Destiny rightfully punishes those who break with the values of the past
Herkunft aber bleibt stets Zukunft
Merkel must have feared that her master plan might prematurely be revealed, when Viktor Orbán was visiting Germany the other day. There is no other way to explain why Germany’s rectified press that eats from Merkel’s hand got so excited to hear that the Hungarian Prime Minister was planning to pay visit to Helmut Kohl, the 86-year-old former German Chancellor. All that was so the more incomprehensible, as the former Chancellor has been otherwise almost completely ignored by Merkel’s new media. Reports on the celebrations of his 85th birthday were low-key enough to arouse consternation throughout Europe. Orbán paid a visit to Adenauer’s former home; met former CSU chairman Stoiber; as well as the aged former Chancellor, which made it evident to the general public that rather than Merkel who has given up calls legacy, it is him, Hungary’s Victor Orbán who was considered by these two statesmen as their political heir whom they expect to bring their legacy forward.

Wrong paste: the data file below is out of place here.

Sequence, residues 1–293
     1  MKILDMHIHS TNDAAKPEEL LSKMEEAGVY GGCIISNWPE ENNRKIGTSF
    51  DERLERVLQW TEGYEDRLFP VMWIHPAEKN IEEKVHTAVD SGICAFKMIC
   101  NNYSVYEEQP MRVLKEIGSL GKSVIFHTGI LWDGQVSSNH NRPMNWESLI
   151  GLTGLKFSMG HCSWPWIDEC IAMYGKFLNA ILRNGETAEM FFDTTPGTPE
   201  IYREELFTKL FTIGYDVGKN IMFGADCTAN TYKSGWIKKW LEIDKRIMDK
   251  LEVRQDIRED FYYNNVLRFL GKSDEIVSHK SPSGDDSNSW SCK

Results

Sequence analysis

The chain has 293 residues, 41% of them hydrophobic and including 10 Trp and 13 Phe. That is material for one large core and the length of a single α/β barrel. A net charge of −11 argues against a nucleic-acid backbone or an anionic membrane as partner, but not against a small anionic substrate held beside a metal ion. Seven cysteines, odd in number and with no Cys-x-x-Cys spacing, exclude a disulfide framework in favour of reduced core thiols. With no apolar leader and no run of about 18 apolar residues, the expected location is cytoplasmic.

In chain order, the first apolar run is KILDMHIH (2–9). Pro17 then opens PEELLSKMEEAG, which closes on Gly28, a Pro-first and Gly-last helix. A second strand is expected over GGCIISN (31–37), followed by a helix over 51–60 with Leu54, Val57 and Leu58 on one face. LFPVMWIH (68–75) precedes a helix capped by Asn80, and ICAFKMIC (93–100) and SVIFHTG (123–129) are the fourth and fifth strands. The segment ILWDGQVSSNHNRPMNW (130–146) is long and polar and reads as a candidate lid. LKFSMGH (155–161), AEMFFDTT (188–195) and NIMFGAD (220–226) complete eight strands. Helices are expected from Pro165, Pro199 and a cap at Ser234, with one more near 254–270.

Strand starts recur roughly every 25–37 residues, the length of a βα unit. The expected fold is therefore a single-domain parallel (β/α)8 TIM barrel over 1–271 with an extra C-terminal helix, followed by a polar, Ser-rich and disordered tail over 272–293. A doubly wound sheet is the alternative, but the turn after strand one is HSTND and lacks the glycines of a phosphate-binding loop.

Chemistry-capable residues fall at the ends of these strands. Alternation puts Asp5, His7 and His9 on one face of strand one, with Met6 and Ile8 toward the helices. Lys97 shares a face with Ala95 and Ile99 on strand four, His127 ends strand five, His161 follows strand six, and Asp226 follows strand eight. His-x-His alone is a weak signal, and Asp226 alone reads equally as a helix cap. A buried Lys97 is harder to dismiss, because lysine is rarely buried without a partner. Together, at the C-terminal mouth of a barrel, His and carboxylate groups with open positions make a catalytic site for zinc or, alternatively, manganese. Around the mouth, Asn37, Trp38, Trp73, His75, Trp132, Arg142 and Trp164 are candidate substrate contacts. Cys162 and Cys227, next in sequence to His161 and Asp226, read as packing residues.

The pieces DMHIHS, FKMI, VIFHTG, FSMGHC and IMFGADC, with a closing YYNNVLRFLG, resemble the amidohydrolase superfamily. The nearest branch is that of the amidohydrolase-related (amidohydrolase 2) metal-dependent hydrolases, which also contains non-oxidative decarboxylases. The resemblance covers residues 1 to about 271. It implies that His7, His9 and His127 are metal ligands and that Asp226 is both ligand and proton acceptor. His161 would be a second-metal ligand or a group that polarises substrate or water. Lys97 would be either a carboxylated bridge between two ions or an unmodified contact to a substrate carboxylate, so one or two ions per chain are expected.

As early as in his speech at Baile Tusnad on July 28th 2014, Orbán made his readiness clear to continue the legacy that had shaped Western Europe’s post-war decades into a golden age. His stance on illiberal democracy was a clear expression of his continuing faith in the value-shaping power of Christian Democracy and Social Democracy and of his determination to try and transfer their basic values into the 21st-century. Meanwhile, his detractors on both sides of the Atlantic believe that the only possible democracy is the liberal one. They consider Christian Democracy and Social Democracy equally intolerable although both of them comprise liberal values as well, while today’s liberal democracies refuse to represent either Christian or social values. They even increasingly hinder the respect of traditional liberal values, including free speech, the freedom of assembly and of the press. Let’s just consider their hate speech laws; the series of debates banned at Western universities; the German cities that switch street lighting whenever demonstrations are being held by forces they dislike; or again the silencing of the German press after the wave of sexual harassment in Cologne on New Year’s Eve. In the language of the 68ers, however, democracy is either liberal or is not; or rather it is either liberal in the way they expect it to be or is no democracy at all. Today’s politically correct elites are the most rigid of all: German 68ers reject the idea of a social market economy as well as the Christian Democratic legacy that brought about German re-unification as equally invalid. The performance of successful politicians doesn’t mean anything for them. But for our region the legacy of European statesmen like Robert Schumann, De Gasperi, De Gaulle, Adenauer, Kohl, Stoiber, Vogel and the rest continues to be a source of inspiration and a valuable tradition worth developing further. The Merkellian masterplan, on the other hand, is aimed at reaching a compromise with the Greens and at winning over Muslim masses, while giving up those values and standing up for anti-Christian value neutrality and an ideology which is hostile towards the family and the nation under the disguise of a boundless defence of human rights. Fully as this approach complies with the culturally and politically correct 68er canon; modern as it may seem, we are not fond of it. It is precisely this value system that Central and Eastern Europeans are unable and unwilling to accept. What is creating a distance between the two halves of Europe is a disagreement over the validity of Christian Democracy and the social market economy. While according to the Western half of Europe their validity has expired and they have no future, the citizens of our own region believe that they do have one – and will have one. That disagreement has been brought to the surface by the crisis created by the Muslim invasion of 2015 which has been deepened by the arbitrary decision taken by the Chancellor of Germany who tries to impose the consequences on the whole of Europe.